Archive for civil society

Egyptian Government Tighten Reins on Aid Agencies

Posted in Humanity, NEWS with tags , , on April 13, 2010 by Mijiza Zeyzey

The Egyptian government wants to tighten the control of NGOs, Non-Governmental Organizations with a bill in draft for a new law. NGO workers and others working for civil society freedom oppose the bill.

Head of a local NGO, the Cairo Centre for Human Rights, Baheieddin Hassan says,

“Egypt’s civil society is crippled already with laws that curb its freedom. The new law will inhibit civil society even more by doing what amounts to nationalizing it.”

The new bill will appoint a government association called the General Federation for Civil Society Organizations to authorize the work of local NGO’s. It will give the government the right to intervene in board elections of local NGO’s.

Opposition feels the bill is an effort to mute strong human rights movements composed of NGO’s and advocacy groups that have remained independent of government control in Egypt.

Demands for Justice in Activist’s Killing

Posted in Humanity, NEWS with tags , , on April 9, 2010 by Mijiza Zeyzey

On April 8, 2009, Ernest Manirumva, vice-president of the Observatory for the Struggle against Corruption and Economic Embezzlement, OLUCOME, was killed at him home in Bujumbura.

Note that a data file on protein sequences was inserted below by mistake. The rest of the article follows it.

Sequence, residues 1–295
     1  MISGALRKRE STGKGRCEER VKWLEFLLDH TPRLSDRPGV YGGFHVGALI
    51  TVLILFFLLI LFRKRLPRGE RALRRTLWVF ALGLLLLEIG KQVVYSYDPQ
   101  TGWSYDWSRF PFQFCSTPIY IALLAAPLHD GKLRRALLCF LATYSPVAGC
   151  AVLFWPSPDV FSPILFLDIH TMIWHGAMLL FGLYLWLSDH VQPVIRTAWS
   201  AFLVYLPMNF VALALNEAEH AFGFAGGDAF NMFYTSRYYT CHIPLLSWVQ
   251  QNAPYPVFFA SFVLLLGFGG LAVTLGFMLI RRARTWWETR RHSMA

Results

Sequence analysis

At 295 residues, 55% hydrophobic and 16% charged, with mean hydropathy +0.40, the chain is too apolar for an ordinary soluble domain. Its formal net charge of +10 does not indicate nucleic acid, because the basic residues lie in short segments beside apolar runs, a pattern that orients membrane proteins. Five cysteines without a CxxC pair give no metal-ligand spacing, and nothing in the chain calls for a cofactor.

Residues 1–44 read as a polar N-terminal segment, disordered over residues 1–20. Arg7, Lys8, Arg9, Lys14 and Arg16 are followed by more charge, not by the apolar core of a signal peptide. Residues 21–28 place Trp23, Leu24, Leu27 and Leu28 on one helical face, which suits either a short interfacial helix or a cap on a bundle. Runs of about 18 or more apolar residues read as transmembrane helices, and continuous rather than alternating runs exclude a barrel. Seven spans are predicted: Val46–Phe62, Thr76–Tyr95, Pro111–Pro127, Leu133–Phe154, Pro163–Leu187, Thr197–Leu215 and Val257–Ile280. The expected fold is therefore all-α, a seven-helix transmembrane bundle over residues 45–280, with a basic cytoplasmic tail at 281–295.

Prior to his death Manirumva was investigating police corruption as well as corruption within private companies. Civil society organizations appealed to the prosecutor for an independent investigation.

A year later appeals go to President Pierre Nkurunziza to ask the prosecutor to accelerate the investigation. A judicial investigatory commission was formed in October of 2009. Nine arrests have been made, yet no trial date has been set.

Civil society organizations say all leads have not been followed and the commission has not concluded the investigation. Witnesses are reportedly afraid to come forward.

Georgette Gagnon, Africa director said,

“Instead of threatening and obstructing civil society organizations, the Burundian authorities should work with them to follow every possible lead to identify Manirumva’s killers. The president should wholeheartedly back these investigations and should stand behind civil society’s call for justice for this brutal murder.